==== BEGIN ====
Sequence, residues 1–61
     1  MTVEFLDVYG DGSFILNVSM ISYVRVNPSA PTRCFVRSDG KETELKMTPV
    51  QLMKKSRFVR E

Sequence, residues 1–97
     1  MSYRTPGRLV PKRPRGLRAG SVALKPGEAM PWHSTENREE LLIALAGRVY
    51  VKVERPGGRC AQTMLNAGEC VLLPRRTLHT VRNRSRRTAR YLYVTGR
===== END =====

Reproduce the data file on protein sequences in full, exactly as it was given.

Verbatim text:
Sequence, residues 1–61
     1  MTVEFLDVYG DGSFILNVSM ISYVRVNPSA PTRCFVRSDG KETELKMTPV
    51  QLMKKSRFVR E

Sequence, residues 1–97
     1  MSYRTPGRLV PKRPRGLRAG SVALKPGEAM PWHSTENREE LLIALAGRVY
    51  VKVERPGGRC AQTMLNAGEC VLLPRRTLHT VRNRSRRTAR YLYVTGR